Room 8 Party!

So much to do, with last minute Passover preparation.

What do you coat the chicken with when soy sauce is verboten? It is enough to make one consider joining Shas [even the most ultra-religious Sephardim have no problems with beans during Pesach, but my heterodox collective of Social Democrats and Euro-malcontents insist upon being hometz-free in the Ashkenazic sense].

Unfinished pieces concerning Israel, Republican insanity over health care, the implications of the 44th Councilmanic race, and the entire state government recusing itself from accountability for anything are piling up on my G Drive likes planes waiting to land at LGA.

And instead of finishing them, I’m doing one on inside Room 8 navel gazing.

As Rock has noted, it is our fourth birthday here.

Room 8 was a direct outgrowth of the Golden Age of New York City Political Blogging. It would not quite be accurate to say we rose from its ashes–it would be more accurate to say we set the fire.

The fact that a political blogging scene in NYC would have eventually emerged in any event does not diminish the fact that the scene, as it exists, was almost entirely the work product of a young man named Ben Smith Azi Paybarah once declared that someone should write a book about what Ben created; someday I hope to write that book, though in a way I think those of us on “Room 8” already have.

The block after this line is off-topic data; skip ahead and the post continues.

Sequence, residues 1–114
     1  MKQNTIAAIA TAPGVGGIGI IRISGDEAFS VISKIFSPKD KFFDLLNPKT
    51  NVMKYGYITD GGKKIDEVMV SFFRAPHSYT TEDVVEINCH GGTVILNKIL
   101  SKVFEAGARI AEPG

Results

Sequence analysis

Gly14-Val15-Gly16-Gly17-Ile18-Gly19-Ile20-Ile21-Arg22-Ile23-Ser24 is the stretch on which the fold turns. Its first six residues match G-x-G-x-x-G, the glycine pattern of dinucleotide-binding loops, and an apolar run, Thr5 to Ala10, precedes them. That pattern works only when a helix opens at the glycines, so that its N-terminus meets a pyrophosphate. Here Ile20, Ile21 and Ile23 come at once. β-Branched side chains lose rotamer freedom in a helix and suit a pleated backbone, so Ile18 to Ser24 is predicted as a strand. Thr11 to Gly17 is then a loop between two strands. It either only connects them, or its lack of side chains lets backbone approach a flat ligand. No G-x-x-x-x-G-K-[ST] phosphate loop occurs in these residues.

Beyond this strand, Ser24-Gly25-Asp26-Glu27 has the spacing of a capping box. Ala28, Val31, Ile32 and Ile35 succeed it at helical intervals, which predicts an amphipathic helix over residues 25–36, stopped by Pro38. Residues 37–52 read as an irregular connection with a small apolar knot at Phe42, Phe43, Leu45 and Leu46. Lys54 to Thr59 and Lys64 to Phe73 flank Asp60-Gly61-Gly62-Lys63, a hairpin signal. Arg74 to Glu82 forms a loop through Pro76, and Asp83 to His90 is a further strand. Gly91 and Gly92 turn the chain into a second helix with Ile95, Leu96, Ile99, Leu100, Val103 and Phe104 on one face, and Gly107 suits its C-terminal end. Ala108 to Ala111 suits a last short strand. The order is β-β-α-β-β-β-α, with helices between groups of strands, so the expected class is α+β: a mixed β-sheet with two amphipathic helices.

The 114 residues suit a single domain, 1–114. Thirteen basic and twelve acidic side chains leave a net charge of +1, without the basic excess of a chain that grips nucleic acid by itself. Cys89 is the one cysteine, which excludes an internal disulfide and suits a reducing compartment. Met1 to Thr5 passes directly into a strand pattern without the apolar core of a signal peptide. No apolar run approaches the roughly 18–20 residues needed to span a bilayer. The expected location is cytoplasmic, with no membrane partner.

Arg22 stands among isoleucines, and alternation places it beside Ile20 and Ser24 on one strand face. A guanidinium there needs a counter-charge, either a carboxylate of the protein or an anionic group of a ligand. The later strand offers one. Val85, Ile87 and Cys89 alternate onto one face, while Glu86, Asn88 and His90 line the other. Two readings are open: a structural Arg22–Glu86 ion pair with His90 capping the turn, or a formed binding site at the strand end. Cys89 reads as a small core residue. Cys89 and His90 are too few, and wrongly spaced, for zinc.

The Golden Age took place entirely on the Ben Smith's old website, "The Politicker," and now most brings to mind the silent film career of WC Fields.

A performer of such physical grace that he started his life in show business as a juggler, and then performed as a "dumb act" (no dialogue); Bill Fields is not generally recognized today for his extensive work in the silent cinema. Partly, this is owing to the brilliance of verbal wit, and partially because he performed his entire career in silents wearing an obnoxious clip-on moustache. Mostly though, Fields’ career in the silent cinema (which includes two films directed by fellow racist D.W. Griffith) is not given its due recognition because most of the films no longer exist.

The Golden Age of the New York City political blogging met a similar fate. On February 2, 2002, "The Politicker" switched servers. Ben Smith’s posts were unaffected, but the comments posted on the site became inaccessible. At the time, Smith promised that the comment archives would be preserved in some form, but it was not to be. A few disembodied Haloscan threads floated around the web on their own, like asteroids, or headless horsemen, but eventually disappeared. The comments archive for 2004 through early 2006 no longer existed. Subsequent changes to the site have put all of the later comments from Ben’s threads out of reach as well, except perhaps by use of a Wayback Machine or similar technology.

What made "The Politicker" were not Ben Smith pieces, good as some were, but what was generated in response to them. Without the bloggers, "The Politicker" would have died the dog’s death suffered by the late and largely unlamented "Politicsny". But, what remains of the early days of "The Politicker" is now blogger-free. [My most famous post from this time exists on because Ben reprinted it on the main page ].